Another in our series of posts about the books of essayist extraordinaire, Mr. Superversive*, himself!
‘This book is not for the Wise, but for my fellow beginners in the craft of Fantasy, who are trying to learn some of the master’s techniques and want to compare notes.’ — From the introduction
There are shelves full of books about the works of J. R. R. Tolkien, most written from the perspective of academics and literary critics. Here is one from the point of view of the working fantasy writer. How did Tolkien produce his effects, and what can we learn from his methods? In this collection, Tom Simon investigates topics from the uses of archaic language to the moral philosophy of Orcs.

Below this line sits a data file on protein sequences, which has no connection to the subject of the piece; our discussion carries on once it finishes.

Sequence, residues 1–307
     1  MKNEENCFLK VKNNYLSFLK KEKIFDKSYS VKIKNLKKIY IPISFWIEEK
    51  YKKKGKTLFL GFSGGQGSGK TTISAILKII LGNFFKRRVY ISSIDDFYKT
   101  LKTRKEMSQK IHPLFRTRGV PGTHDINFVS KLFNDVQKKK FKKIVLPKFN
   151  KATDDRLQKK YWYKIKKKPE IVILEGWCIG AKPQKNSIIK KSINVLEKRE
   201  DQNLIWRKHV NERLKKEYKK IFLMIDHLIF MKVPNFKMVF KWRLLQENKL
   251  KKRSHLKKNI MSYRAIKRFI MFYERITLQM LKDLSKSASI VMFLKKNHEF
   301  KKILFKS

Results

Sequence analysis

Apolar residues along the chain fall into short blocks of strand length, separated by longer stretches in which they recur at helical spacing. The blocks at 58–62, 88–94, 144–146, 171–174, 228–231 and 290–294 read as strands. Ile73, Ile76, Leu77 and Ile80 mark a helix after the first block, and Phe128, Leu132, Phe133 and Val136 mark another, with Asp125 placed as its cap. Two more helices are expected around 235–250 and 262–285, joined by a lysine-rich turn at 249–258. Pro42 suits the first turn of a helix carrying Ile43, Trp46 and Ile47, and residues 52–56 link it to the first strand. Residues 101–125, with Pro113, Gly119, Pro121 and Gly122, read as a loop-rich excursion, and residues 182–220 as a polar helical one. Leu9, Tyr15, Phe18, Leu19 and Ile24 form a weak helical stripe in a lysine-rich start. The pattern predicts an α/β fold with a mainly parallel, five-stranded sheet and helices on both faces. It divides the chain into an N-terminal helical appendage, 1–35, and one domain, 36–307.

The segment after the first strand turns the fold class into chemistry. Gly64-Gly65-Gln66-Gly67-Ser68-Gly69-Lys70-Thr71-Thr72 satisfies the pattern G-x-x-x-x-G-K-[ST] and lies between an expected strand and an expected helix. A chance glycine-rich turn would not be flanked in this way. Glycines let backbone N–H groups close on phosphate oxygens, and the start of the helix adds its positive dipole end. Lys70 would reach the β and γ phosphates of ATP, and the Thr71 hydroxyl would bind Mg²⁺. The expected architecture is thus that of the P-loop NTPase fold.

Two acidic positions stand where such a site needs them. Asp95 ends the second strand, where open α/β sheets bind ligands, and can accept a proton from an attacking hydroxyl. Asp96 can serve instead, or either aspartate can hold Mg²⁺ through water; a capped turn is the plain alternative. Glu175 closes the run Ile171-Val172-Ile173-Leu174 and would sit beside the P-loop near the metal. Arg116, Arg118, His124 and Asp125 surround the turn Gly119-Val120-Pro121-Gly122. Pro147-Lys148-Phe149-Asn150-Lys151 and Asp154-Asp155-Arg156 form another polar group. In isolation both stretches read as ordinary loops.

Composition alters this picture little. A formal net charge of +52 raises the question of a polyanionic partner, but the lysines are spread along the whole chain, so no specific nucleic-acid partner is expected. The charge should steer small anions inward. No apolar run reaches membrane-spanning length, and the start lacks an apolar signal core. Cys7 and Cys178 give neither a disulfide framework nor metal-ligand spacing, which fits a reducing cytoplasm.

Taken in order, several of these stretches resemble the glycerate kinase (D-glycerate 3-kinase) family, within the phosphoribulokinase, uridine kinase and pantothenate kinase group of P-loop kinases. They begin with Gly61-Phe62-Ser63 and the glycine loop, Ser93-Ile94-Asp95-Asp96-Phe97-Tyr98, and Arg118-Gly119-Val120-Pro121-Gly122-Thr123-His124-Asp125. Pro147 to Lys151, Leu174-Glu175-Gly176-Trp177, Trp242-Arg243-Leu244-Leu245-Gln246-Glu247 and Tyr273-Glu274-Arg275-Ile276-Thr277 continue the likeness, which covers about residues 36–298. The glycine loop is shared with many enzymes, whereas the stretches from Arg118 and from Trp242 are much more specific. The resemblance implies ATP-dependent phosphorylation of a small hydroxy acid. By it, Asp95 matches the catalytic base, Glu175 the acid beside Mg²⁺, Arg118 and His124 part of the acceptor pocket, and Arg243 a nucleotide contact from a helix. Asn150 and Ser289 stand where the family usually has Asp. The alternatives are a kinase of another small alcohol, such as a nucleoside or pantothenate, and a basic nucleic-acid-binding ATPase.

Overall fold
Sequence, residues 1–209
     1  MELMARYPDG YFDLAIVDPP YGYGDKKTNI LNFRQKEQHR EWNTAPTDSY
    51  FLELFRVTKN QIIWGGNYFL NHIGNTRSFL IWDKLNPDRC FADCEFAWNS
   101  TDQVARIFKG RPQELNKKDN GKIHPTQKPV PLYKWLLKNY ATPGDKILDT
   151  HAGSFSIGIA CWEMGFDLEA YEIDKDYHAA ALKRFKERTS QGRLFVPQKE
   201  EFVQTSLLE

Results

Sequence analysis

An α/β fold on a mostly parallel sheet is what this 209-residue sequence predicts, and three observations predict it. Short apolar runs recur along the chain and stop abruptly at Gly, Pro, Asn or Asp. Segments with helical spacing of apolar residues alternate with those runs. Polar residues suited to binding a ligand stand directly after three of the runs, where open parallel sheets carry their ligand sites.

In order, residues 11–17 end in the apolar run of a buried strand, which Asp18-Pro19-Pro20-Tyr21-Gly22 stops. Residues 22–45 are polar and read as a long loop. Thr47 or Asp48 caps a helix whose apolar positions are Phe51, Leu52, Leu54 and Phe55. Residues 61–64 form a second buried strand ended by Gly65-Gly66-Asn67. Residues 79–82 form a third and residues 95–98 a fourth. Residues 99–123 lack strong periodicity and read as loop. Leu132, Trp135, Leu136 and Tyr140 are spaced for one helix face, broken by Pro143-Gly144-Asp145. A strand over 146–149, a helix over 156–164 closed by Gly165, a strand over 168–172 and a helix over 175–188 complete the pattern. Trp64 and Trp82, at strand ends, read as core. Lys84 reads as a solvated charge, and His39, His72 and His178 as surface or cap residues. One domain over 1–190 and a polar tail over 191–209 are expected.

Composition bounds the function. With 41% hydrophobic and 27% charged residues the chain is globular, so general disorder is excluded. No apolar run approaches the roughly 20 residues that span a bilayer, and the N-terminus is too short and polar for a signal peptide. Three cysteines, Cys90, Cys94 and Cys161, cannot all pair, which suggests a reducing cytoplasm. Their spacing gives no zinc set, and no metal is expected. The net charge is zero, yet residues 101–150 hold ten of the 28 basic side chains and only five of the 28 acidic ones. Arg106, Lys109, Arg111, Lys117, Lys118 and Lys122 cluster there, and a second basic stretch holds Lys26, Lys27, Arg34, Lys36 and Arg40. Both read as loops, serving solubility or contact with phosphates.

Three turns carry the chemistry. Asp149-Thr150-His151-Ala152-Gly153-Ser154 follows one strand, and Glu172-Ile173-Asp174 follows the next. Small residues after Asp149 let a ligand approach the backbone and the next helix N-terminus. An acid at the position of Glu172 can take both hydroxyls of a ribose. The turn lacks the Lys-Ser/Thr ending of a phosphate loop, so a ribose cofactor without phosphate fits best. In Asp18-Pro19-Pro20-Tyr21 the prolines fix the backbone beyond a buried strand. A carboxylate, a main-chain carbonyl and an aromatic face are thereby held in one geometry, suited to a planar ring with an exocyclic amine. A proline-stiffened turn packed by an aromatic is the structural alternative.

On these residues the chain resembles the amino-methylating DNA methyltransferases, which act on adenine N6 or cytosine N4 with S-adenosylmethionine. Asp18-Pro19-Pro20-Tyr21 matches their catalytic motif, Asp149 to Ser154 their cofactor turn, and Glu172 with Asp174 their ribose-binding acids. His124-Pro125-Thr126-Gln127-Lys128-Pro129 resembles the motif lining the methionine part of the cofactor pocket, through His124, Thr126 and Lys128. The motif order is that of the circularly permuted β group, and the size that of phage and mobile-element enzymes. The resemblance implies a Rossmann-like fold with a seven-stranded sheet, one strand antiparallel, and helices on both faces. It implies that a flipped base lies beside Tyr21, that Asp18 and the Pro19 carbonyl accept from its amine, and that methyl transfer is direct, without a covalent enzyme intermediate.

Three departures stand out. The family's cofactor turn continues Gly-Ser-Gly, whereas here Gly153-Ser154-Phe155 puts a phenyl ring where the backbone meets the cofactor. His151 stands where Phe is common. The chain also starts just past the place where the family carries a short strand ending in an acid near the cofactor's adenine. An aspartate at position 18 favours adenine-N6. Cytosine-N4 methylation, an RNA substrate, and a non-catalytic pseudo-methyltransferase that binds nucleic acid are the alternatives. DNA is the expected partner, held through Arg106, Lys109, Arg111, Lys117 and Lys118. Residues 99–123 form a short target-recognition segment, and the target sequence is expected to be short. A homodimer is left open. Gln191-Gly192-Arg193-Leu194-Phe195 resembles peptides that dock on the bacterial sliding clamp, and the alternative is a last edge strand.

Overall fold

The book contains eleven essays on Tolkien:
The Riddles of the Wise
The Tolkien Method
The Rhetoric of Middle-earth
The Method and the Morgoth
What Is Elf?
The Terminal Orc
Writing Down the Dragon
Moorcock, Saruman, and the Dragon’s Tail
The Abyss and the Critics
Lost Tales, Unattained Vistas
Some of these pieces have previously appeared on the author’s website in slightly different forms.
For more of Tom Simon’s writings, visit his blog.
* — For those who do not know the history of Superversive, Tom Simon is the one introduced the term Superversive to the rest of us.